>> the first thing you'd think of when you're first entering the community.
>> Getting comfortable with the multiple Sakai web interfaces is also
>> confusing at first--sakaiproject.org, listservs, Nabble, Confluence, and
>> Jira all have different interfaces, require multiple user accounts, and take
>> some work to get used to. Many open source projects have a single website
>> with forums, downloads, wiki, and other tools wrapped in the same web
>> interface, making it less disorienting when moving between tools.
>> Nevertheless, once again, there are some strengths to the way the Sakai
>> Project does some things. There is something to be said for having all the
>> tools located centrally in Confluence, rather than sending you off to
>> everyone's private website to download source code, find instructions, etc.
>> It is also true that the documentation is hard to find, and it is
>> incomplete in many places. However, there are some good documentation
>> sources out there, if you Google long and hard enough. Some people have put
>> a *lot* of hard work into some of the guides, and I greatly appreciate
>> them for it!
>> As you have already indicated, I think you'll find the Sakai community to
>> be a tremendous resource full of helpful people who produce robust, secure,
>> scalable products. They stand behind their code and are eager to help when
>> they can.
>> Regarding the creation of new sites--you're right in that the admin
>> interface is, once again, difficult to understand. Briefly, you'll need to
>> assign permissions per Stephen's response using the Realms tool, and then
>> your users will need to use "Site Setup" in their "My Workspace" to create
>> new worksites.
>> How many concurrent users do you think you will have?
>> Paul Gibbs
>> Lansdale, Pennsylvania
>> On 2/22/2010 1:36 PM, Warwick Chapman wrote:
>>  Hi All
>>  This is my first post so please forgive me should I not be familiar with
>> protocol.
>>  Please could I ask for some assistance.  I've been tasked with deploying
>> a learning platform for the Democratic Alliance, the official opposition
>> political party in South Africa.  We want to use this platform to further
>> and more effectively train all our public representatives and staff around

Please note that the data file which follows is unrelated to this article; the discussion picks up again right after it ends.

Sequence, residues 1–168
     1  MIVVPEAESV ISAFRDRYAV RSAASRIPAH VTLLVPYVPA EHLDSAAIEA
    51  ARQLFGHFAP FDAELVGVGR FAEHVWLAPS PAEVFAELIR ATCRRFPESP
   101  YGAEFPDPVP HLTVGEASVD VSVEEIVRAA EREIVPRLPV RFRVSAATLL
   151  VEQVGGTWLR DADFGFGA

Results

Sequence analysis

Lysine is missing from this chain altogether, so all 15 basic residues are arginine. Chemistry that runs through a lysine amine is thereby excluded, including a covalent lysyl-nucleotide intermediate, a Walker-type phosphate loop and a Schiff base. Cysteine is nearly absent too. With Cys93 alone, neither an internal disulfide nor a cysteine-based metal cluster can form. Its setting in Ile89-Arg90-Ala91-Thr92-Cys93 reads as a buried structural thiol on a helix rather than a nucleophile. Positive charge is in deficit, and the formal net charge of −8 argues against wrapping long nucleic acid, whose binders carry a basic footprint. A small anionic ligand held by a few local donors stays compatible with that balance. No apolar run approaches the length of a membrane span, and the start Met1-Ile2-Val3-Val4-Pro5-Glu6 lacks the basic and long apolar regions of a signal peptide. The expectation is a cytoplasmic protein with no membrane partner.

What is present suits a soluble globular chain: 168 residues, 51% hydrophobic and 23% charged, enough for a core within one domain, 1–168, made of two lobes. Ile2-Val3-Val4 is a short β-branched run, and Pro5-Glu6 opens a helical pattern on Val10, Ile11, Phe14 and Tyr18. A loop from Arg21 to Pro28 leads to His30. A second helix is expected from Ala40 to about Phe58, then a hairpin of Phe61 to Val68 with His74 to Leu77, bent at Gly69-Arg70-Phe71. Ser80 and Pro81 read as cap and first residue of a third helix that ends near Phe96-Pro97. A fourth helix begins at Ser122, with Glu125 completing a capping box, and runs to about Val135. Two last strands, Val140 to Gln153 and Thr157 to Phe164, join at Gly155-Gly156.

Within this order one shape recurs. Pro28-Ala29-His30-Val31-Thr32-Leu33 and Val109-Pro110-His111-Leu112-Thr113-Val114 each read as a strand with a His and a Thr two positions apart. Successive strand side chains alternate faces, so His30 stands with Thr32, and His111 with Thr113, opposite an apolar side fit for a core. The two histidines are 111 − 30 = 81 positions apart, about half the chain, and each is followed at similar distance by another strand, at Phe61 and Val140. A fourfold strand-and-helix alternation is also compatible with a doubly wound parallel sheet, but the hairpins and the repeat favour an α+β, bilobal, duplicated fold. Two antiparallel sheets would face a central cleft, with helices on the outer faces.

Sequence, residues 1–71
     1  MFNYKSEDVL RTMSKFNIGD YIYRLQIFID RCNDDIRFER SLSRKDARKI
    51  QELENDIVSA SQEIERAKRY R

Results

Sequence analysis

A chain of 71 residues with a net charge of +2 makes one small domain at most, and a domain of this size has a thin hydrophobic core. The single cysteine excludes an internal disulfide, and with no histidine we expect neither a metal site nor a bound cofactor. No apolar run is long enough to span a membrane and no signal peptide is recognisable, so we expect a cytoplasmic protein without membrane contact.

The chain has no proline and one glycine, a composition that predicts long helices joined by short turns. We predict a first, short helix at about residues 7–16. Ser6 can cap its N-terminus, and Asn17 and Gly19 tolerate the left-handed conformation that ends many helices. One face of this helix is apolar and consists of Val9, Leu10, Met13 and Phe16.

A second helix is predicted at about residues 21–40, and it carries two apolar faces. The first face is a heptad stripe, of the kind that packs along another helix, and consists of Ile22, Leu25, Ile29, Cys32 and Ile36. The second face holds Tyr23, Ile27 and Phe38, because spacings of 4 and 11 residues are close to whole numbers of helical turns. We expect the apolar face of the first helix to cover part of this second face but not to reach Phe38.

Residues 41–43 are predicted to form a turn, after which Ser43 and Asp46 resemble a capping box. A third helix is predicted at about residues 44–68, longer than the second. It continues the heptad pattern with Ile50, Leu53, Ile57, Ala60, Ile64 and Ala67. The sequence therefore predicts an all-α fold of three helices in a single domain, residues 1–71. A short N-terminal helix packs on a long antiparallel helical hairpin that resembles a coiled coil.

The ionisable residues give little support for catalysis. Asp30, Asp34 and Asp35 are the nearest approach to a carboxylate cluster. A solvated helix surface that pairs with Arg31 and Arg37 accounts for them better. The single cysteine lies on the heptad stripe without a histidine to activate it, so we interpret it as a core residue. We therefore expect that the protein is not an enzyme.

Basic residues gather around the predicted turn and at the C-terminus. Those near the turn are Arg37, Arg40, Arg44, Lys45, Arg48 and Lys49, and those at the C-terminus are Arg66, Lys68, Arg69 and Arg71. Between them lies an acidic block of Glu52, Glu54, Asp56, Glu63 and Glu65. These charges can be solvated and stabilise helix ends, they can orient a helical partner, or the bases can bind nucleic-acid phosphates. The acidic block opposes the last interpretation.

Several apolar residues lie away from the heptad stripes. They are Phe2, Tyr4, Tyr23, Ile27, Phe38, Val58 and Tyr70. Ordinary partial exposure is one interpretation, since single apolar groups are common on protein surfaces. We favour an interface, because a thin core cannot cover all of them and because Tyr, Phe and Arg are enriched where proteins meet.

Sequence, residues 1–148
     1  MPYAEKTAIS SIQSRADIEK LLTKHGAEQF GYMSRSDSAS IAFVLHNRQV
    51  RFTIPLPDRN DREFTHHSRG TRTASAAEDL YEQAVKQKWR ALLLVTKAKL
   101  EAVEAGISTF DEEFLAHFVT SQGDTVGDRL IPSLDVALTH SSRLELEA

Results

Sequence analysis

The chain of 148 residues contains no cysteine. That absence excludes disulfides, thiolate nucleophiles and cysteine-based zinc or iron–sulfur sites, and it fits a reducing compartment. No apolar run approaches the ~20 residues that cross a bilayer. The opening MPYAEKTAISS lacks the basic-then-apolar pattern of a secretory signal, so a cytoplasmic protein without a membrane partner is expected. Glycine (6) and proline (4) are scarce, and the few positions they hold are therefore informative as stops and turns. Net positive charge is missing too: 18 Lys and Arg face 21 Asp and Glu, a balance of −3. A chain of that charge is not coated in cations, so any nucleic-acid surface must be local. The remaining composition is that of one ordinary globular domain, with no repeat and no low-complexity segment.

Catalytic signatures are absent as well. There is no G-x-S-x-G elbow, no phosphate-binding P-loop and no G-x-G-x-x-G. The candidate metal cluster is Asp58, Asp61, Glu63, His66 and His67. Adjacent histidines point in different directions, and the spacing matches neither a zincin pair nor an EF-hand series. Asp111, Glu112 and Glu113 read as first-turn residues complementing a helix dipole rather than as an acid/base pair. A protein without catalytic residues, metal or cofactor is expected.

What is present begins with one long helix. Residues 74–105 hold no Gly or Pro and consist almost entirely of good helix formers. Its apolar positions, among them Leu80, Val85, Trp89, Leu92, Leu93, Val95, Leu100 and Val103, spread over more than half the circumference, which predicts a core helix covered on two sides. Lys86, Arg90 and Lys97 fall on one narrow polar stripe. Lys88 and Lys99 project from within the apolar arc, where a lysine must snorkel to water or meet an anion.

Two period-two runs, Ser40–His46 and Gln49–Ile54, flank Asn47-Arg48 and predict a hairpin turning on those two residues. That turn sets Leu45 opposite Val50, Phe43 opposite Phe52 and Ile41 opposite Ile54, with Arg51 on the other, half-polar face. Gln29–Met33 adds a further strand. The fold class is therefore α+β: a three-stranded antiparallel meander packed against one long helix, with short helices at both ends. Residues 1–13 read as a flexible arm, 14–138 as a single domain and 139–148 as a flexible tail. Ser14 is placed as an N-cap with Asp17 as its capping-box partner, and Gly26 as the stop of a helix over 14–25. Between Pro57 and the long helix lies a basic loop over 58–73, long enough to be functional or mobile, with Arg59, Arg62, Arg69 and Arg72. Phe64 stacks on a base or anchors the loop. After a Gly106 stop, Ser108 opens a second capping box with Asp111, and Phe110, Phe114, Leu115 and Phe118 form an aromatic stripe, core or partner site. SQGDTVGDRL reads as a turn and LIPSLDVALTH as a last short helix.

>> the country.
>>  I have a report detailing the outcomes of a scoping working which I can
>> make available to anyone should they be interested but basically, the
>> requirements of the platform are as follows:
>>  1. Online courses
>> 2. Knowledgebase
>> 3. Chat module for learner support
>> 4. Forum
>> 5. Must work on dialup-speed connections, though we expect most people to
>> have 256kbps-4096kbps connections
>> 6. Simple to create and manage courses and assessment
>> 7. Support multiple languages (SA has 11 official languages)
>> 8. Work on mobile devices
>>  The more I look at Sakai, the more it appears to me that out of the box
>> it meets more of these requirements than Moodle does, and it seems to me to
>> be better built and more sensible.
>>  -- BUT --
>>  I have been in the IT industry for 15 years as a developer, project
>> manager and executive focusing on Open Source solutions and Sakai is making
>> me feel like a real dum dum.  I have 2.6.2 demo running and am using Packt's
>> "Sakai Courseware Management" as a guide.
>>  Something as simple as following the steps in "My First Project Site"
>> are leaving me wondering if Sakai is well documented enough for the average
>> non-University IT department user to deploy and manage.  I cannot seem to
>> find a "new" link when logged in as a non-admin user and as an admin, I
>> cannot find where to grant permission to the non-admin user to create a
>> project site.
>>  Also, I cannot seem to easily find details relating to what hardware
>> requirements I should expect for a low-use deployment.  Pointers?
>>  Warwick